Edward was modified in 1919, with the ladies' end compartment abolished and replaced with three showers, the attendant's compartment seat modified allowing conversion to a sleeping berth, and the car was renamed Carey. A new underframe was placed under the vehicle, based on the Tait motor carriage outside-channel construction, but the car length was retained.[9] The car was damaged at Seymour and taken off register in June 1955, and scrapped at Newport Workshops on 28 June 1961. The name Carey was recycled on a guard's van that became the new shower car.[10]

The Display Train[edit]

The Display Train
Current operator(s)Victorian Railways
Track gauge5 ft 3 in (1,600 mm)

As new carriages were introduced in the mid-1960s, it was found that the V-series passenger cars were becoming surplus. Rather than scrapping the fleet, in 1966 cars AV 22, 4, 6 and 29 lost the AV classification and became cars 1-4. in 1968 these were joined by BV's 9 and 21, these being renumbered simply "5" and "6". In 1975 guards van CV2 was modified to become a power generator for the set, but it was not externally altered.

The carriage interiors were obliterated and replaced with advertising material; the outsides were sheathed in aluminium cladding, essentially creating a set of billboards on wheels. However the original carriages were more-or-less retained under the shell; photos exist of some of the carriages with the shell half-removed [1], revealing the passenger car's original exterior in worse-than-average condition.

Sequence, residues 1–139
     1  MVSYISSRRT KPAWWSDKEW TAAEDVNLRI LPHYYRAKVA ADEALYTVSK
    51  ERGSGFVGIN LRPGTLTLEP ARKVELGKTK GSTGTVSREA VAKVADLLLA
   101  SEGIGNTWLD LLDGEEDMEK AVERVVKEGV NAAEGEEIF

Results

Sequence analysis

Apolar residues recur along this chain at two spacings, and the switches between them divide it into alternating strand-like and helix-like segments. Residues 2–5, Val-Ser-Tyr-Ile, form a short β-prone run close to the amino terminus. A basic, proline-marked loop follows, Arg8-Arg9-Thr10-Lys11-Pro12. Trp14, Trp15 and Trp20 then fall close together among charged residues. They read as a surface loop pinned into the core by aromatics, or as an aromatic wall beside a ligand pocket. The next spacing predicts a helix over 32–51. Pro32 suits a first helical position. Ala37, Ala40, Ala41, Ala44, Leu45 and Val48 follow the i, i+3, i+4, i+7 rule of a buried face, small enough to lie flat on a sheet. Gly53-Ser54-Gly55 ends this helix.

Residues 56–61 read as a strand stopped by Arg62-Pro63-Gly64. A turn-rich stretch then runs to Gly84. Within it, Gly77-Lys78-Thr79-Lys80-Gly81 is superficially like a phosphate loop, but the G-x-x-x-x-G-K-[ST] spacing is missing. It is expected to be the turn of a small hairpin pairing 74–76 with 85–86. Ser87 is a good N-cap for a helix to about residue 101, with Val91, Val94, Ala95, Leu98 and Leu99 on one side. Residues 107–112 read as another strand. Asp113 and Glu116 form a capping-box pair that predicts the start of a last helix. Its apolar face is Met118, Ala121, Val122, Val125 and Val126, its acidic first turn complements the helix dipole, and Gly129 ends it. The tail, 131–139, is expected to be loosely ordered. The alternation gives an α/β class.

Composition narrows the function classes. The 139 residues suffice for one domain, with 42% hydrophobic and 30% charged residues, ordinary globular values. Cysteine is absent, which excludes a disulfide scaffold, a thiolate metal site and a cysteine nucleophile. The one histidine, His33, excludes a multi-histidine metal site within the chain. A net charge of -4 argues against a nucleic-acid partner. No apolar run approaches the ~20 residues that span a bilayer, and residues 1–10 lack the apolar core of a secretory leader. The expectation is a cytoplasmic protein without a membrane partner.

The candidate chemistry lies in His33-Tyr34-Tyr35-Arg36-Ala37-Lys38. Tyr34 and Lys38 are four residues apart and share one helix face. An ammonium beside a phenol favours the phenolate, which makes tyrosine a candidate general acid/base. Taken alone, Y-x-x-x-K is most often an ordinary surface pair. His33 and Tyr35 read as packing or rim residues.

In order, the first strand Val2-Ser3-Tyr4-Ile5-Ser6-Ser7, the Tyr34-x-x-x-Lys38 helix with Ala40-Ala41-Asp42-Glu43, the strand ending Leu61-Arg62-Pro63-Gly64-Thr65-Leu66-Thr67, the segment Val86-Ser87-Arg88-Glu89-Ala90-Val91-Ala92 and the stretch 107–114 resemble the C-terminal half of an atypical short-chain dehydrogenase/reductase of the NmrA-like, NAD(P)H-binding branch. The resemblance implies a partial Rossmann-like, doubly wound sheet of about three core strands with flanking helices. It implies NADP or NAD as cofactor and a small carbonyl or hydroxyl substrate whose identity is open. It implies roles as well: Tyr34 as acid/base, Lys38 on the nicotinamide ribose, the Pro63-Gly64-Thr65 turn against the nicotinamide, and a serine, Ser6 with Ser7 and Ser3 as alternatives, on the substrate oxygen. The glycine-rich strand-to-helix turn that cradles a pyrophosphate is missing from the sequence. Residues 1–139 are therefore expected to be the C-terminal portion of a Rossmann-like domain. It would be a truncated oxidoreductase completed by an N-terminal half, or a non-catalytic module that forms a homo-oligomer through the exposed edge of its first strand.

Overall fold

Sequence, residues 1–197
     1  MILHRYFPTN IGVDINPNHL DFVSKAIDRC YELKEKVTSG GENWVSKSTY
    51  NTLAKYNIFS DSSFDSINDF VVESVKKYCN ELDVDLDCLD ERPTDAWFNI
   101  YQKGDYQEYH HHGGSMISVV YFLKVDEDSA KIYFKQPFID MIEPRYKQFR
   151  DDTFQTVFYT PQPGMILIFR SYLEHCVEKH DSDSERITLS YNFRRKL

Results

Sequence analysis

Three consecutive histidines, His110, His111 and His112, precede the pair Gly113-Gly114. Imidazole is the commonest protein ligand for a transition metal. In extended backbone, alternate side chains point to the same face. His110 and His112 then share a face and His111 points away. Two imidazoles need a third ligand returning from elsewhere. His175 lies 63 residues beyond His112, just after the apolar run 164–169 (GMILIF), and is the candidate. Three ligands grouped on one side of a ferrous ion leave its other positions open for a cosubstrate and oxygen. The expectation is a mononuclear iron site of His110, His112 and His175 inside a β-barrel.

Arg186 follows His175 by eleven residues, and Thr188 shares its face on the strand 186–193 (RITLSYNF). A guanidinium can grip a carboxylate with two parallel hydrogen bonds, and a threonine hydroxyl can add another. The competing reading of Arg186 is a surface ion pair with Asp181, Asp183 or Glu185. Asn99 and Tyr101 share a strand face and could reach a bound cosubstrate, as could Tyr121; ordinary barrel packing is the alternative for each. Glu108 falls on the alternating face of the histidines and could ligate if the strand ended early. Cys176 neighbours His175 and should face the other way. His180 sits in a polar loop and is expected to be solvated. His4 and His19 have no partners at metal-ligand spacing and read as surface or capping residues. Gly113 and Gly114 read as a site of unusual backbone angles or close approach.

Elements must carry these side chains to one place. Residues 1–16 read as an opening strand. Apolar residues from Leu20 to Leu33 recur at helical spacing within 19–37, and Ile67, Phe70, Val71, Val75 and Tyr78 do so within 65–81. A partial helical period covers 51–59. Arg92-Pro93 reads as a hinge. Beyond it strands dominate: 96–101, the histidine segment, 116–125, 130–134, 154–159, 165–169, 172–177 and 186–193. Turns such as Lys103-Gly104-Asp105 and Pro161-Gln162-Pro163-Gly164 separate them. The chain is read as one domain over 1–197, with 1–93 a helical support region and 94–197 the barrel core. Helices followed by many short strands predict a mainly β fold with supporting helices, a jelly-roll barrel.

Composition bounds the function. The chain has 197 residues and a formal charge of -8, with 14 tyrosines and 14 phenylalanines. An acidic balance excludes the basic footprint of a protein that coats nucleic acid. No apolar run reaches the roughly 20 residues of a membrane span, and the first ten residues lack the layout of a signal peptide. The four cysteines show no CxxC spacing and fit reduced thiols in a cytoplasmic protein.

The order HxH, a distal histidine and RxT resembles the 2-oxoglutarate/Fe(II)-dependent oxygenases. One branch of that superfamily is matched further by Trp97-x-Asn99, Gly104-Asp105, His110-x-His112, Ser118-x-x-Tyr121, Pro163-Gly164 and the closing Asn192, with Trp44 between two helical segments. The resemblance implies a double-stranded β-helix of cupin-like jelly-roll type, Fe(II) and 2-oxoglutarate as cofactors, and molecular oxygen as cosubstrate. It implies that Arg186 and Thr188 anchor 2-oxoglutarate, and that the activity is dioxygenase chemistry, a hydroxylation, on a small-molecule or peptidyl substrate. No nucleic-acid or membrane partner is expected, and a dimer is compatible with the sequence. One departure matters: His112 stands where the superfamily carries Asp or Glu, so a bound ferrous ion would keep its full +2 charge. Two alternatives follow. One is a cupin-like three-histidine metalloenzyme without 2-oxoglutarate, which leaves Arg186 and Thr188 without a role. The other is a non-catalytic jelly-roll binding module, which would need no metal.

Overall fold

Of course the train was not in use every day, and for most of its life it was stored in Newport Workshops, with tours about every two years. By the late 1980s it was obvious the idea was a mistake, so the cars were scrapped with the metal content sold to a metal reclaiming company in Coburg.

The Vintage Train[edit]

The Vintage Train
Current operator(s)Victorian Railways
Track gauge5 ft 3 in (1,600 mm)

Most of the carriages predating the V subtype had been withdrawn by the late 1960s and scrapped, so these were the only carriages remaining that could serve as a "vintage train" for leasing. Remaining V type carriages were not required for daily service, so they were instead put aside from normal running, intended to be used on specials. The train ran from 1967 to 1983, after which the remaining carriages were formally entered into the state heritage register.

First class accommodation on the train was provided with AV cars in the group 1, 12, 16, 23 (Parlor), 30, 32 (Parlor) and 35, along with 45ABL, 12BL/Pioneer and 13BL/Enterprise. 12AV only lasted to 1970 and 16AV for only a few months, but the rest of the cars ran right through to 1983 and all bar 35AV were preserved with that last unit written off.